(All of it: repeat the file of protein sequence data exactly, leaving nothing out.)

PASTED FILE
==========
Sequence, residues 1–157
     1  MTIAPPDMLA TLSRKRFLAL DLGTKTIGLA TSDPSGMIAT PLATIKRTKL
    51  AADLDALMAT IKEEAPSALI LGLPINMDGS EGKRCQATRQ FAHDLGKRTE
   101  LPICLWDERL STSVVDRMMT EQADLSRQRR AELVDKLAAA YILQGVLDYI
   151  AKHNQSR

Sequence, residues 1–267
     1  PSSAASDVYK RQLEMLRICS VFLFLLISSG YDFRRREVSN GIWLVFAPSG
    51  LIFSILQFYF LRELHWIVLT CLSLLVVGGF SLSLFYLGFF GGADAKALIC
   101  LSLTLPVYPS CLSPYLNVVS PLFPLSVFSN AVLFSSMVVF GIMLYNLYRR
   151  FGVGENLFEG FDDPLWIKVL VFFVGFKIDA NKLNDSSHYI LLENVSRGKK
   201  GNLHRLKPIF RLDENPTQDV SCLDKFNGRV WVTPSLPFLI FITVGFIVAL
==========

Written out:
Sequence, residues 1–157
     1  MTIAPPDMLA TLSRKRFLAL DLGTKTIGLA TSDPSGMIAT PLATIKRTKL
    51  AADLDALMAT IKEEAPSALI LGLPINMDGS EGKRCQATRQ FAHDLGKRTE
   101  LPICLWDERL STSVVDRMMT EQADLSRQRR AELVDKLAAA YILQGVLDYI
   151  AKHNQSR

Sequence, residues 1–267
     1  PSSAASDVYK RQLEMLRICS VFLFLLISSG YDFRRREVSN GIWLVFAPSG
    51  LIFSILQFYF LRELHWIVLT CLSLLVVGGF SLSLFYLGFF GGADAKALIC
   101  LSLTLPVYPS CLSPYLNVVS PLFPLSVFSN AVLFSSMVVF GIMLYNLYRR
   151  FGVGENLFEG FDDPLWIKVL VFFVGFKIDA NKLNDSSHYI LLENVSRGKK
   201  GNLHRLKPIF RLDENPTQDV SCLDKFNGRV WVTPSLPFLI FITVGFIVAL